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American Terrorists Abroad and Due Process

Imagine you are an American citizen overseas dedicated to recruiting terrorists, planning terrorist acts aimed at the United States, and publicly calling for jihad against America. This was the life of Anwar-al-Awlaki, an American terrorist overseas. To the Obama administration, Anwar al-Awlaki was an illegal enemy combatant that was due to no judicial hearing before the CIA targeted and killed him in Yemen in September 2011.

In a speech defending the Obama administration’s policy to afford American terrorists overseas like al-Awlaki with no judicial hearing prior to their targeted killing, Attorney General Eric Holder passed on explaining the policy’s implications for the due process rights of these citizens. A deeper examination of due process, however, supports the administration’s policy that judicial hearings for American terrorists overseas need not occur before they are targeted and killed.

Due process aims to protect persons from state policies that exceed the limits of governmental authority. In the case of targeted killing, due process mainly concerns how and who the Executive may kill.

In his speech, Holder asserted that assuming there is no opportunity to capture American terrorists overseas unharmed, the Executive has no obligation to afford these citizens with due process before it targets and kills them. Rather, Holder said, “careful and thorough” Executive review of the evidence used to justify their targeted killing amounts to due process.

The administration has thus adopted a form of “administrative” due process that negates both the constitutional protections afforded to persons by the Fifth Amendment of the Constitution and the role of the courts in protecting their right to life. In so doing, the administration is essentially saying, “trust us” in how we eliminate the imminent threat posed by American terrorists overseas.

Though critics question if the administration’s policy respects due process and insist that it be vetted by the courts and the Congress, this is unnecessary. The due process rights of American terrorists overseas are invalidated when they choose to become actively involved with terrorism aimed at the United States. The administration’s policy of eliminating the imminent threat they pose is legal as a form of self-defense.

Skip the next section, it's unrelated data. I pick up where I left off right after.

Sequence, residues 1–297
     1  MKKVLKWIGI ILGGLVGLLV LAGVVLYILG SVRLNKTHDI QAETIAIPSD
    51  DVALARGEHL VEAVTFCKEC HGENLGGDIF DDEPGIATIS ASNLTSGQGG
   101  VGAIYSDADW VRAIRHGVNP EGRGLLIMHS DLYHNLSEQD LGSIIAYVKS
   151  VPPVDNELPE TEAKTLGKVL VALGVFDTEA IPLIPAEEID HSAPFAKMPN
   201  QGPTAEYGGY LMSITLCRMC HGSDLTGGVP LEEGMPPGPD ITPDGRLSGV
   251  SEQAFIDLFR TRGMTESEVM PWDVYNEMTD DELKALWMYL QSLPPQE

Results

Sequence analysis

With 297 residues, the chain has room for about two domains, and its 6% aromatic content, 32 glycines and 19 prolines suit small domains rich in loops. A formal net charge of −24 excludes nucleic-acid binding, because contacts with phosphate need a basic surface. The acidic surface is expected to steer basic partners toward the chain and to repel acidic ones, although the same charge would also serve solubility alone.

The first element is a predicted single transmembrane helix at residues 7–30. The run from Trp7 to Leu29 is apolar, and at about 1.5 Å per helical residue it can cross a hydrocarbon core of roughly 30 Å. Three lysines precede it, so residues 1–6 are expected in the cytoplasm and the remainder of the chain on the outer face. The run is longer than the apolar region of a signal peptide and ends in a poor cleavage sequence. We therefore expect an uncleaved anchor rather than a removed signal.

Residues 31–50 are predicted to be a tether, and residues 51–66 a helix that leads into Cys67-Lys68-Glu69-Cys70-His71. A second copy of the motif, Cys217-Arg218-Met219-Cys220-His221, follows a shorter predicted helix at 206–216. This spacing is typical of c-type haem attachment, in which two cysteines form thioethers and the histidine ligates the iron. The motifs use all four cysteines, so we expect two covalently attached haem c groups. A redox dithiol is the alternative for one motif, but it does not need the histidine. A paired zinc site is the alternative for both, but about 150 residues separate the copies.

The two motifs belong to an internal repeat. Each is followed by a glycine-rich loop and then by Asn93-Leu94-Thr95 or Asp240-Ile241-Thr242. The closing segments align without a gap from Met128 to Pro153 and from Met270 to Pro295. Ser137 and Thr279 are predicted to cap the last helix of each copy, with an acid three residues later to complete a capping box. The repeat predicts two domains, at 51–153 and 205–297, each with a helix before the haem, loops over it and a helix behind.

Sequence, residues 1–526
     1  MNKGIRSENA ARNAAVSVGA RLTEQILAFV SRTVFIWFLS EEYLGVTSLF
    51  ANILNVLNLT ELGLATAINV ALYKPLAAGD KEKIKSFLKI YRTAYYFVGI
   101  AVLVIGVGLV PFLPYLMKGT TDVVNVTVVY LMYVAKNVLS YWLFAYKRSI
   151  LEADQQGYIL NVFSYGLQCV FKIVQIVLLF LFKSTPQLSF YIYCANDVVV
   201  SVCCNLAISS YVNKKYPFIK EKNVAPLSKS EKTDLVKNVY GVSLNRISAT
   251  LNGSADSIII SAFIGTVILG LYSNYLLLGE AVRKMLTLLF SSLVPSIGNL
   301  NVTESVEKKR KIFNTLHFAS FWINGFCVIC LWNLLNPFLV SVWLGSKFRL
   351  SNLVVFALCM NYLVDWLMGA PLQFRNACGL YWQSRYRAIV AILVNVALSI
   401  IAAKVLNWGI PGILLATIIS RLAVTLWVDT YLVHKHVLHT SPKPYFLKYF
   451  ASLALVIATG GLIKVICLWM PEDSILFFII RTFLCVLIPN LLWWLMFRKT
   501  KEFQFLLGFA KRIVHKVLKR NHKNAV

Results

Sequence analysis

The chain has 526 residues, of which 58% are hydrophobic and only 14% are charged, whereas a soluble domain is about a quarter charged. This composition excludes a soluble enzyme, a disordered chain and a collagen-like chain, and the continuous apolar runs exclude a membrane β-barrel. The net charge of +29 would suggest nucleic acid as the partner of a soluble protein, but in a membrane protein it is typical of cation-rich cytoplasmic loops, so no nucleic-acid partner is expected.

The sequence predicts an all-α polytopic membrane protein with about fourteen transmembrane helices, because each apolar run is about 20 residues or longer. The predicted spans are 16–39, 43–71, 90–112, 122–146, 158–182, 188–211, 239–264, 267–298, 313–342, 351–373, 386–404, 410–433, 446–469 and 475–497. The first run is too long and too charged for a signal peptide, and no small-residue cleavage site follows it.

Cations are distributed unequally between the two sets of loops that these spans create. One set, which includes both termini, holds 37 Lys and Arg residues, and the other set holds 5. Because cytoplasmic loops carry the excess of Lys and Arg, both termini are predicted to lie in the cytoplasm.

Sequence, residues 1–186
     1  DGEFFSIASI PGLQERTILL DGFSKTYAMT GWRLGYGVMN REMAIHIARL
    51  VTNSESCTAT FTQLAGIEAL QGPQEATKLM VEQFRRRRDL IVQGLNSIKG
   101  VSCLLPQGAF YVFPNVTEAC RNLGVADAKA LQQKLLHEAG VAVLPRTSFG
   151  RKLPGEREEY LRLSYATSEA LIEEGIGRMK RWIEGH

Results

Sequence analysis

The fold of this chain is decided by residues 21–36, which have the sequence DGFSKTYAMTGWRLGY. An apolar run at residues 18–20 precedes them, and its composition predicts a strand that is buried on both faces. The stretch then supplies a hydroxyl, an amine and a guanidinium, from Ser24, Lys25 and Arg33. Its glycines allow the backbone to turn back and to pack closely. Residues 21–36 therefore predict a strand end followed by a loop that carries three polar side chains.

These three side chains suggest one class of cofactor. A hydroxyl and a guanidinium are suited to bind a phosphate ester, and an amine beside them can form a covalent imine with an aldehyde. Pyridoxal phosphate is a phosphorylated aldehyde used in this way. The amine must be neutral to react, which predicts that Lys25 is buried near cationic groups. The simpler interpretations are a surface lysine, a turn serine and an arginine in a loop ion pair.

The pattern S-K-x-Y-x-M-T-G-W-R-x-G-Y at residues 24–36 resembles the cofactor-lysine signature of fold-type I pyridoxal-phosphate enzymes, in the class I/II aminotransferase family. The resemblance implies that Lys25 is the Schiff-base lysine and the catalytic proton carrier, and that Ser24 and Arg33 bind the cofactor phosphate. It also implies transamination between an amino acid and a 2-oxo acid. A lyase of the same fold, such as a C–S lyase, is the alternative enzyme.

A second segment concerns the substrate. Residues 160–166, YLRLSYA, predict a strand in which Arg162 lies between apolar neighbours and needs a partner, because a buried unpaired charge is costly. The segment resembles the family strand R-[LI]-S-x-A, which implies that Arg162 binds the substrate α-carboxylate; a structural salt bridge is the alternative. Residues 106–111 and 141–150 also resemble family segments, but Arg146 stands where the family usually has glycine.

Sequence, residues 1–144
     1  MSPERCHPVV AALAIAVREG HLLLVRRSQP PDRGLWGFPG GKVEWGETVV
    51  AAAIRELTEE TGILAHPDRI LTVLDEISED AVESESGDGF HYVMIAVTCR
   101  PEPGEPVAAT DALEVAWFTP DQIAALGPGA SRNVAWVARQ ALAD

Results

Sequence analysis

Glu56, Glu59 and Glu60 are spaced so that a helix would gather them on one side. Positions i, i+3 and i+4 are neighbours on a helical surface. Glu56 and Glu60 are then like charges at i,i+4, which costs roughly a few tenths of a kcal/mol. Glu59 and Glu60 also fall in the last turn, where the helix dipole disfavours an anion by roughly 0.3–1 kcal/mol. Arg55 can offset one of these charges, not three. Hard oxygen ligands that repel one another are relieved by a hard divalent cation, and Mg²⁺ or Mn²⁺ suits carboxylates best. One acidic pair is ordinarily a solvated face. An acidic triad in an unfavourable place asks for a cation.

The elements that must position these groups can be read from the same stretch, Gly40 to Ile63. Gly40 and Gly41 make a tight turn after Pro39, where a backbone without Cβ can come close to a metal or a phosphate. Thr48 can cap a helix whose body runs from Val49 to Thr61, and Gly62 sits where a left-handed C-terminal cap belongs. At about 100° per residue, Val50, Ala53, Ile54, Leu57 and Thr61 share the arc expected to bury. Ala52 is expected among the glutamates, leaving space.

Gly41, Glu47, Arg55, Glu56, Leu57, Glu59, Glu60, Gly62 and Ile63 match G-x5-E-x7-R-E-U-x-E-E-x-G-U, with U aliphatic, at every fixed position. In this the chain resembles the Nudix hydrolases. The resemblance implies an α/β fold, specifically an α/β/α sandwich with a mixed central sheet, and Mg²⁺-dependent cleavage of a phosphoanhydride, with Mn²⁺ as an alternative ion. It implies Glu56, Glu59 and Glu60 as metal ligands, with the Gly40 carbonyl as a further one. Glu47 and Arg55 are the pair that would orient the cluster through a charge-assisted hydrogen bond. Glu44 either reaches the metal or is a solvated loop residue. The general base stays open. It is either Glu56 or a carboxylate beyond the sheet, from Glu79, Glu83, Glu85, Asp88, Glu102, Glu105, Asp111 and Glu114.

In Mathews v. Eldridge, the Supreme Court examined whether persons are due a judicial hearing prior to state actions that implicate their due process rights. In applying the due process test outlined in Mathews to the targeted killing of American terrorists overseas, it is readily evident that the test weighs heavily for the government. In other words, the Executive’s asserted an interest in protecting the nation against terrorist threats, versus the administrative, financial and security burdens it would incur by providing American terrorists overseas with unharmed capture and judicial hearings, greatly outweigh the rights which would be affected by their targeted killing.

At the same time, constitutional and operational prerogatives counsel against submitting the Executive’s policy to judicial or legislative scrutiny, except as required by statute and the relevant congressional committees. Indeed, the Constitution does not require judicial approval before the Executive may use force to eliminate imminent threats abroad, even if that threat is an American citizen, and particularly when the risk to U.S. ground forces is deemed too great.

Importantly, such scrutiny would also encroach upon the Executive’s power to protect the nation pursuant to Article II of the Constitution and the congressional authorization enacted after 9/11. In other words, the Executive has a duty to eliminate imminent terrorist threats, particularly when targeted killing through drone strikes has proven so far to be not only the most effective method to target an enemy that disguises as civilians, avoids confrontation, and hides among populations, but also the most humanitarian option today to reduce collateral harm to non-combatants.

The Founders designed a strong presidency to counter foreign threats, thus recognizing that the Congress (and implicitly the Judiciary) is too slow and too large to effectively counter threats such as terrorism. In this vein, and as held by the U.S. District Court in al-Aulaqi v. Obama, judicial scrutiny of the government’s policy would also contravene the political question doctrine which prohibits the courts from deciding on non-legal issues upon which it lacks expertise and capacity to review. In essence, targeted killing concerns political questions best decided upon democratically by elected leaders. Indeed, the imminent and unpredictable nature of terrorism makes judicial review infeasible and would hinder the Executive’s ability to counter terrorism.

In essence, Holder was saying that the Executive holds the power to decide who is targetable and when and how American terrorists overseas will die. This is not to say that the president has free reign to kill. Indeed, due process concerns arise as to the accuracy of the intelligence used to justify targeted killings, and demand that the Executive implement procedures to ensure that the administration’s “thorough and careful review” standard is reliable and responsible. Doing so will still allow the president to counter the unique threat of terrorism.